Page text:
An Insight into implant failure through Inducible Displacement and Gait Analysis in Total Knee Replacements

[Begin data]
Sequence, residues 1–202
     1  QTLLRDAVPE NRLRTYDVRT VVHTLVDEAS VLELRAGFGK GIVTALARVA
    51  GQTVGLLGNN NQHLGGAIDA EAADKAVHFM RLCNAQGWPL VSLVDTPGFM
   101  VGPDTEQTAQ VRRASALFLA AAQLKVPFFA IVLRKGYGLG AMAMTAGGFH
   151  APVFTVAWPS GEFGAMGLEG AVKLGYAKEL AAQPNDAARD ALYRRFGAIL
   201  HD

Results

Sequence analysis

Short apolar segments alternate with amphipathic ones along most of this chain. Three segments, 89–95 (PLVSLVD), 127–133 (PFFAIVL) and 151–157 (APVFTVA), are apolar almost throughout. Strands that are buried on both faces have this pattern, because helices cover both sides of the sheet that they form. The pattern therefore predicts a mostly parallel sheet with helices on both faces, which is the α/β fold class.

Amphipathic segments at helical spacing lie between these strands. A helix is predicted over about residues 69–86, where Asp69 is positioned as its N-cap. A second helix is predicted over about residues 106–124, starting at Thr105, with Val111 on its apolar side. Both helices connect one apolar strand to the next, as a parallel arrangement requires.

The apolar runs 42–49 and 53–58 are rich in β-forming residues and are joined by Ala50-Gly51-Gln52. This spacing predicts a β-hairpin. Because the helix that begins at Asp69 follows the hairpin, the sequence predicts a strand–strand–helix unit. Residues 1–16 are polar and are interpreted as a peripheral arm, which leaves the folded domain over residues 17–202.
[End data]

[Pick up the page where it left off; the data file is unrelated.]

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Knee osteoarthritis is a debilitating disease causing pain and disability in adults. Biomechanical factors including obesity, abnormal magnitude and load distribution have been cited to play a role in its initiation and progression with its definite cause being multi-factorial. Total knee arthroplasty has become the treatment of choice for knee osteoarthritis and although the procedure is mostly successful, there are some patients who experience implant failures which necessitates revision surgery. Revision surgery is more complicated and thus there is the need to monitor patients who have undergone TKA so as ensure better outcomes and also address problems much earlier. Objective methods like Radiostereometric Analysis (RSA) has proven to be a good tool at diagnosing these implant failures. Inducible displacement with RSA has the potential to serve as a one-time measure to diagnose implant failures. Previous studies have applied loads to induce motion to the knee in various ways- squatting, exercising and weight-bearing on the affected limb. This was not standardized and caused wide variations in the data. This work looked at refining a device used to apply standardized loads to the knee resulting in a more portable and faster way of applying load to the joint. Gait analysis is used to assess implant function pre and post surgery. Some gait patterns have also been related to implant failure. Previous works have focussed primarily on associations between well-working implants (non-revised patients) and these gait patterns (adduction moments and flexion angles). This work focussed on any differences in the gait patterns between patients who did not undergo revision surgery and those that did. Although most parameter differences did not reach statistical differences, they point to important trends that may explain the causative factors (adduction moments) whiles others may point to the effects of disease progression (external rotation).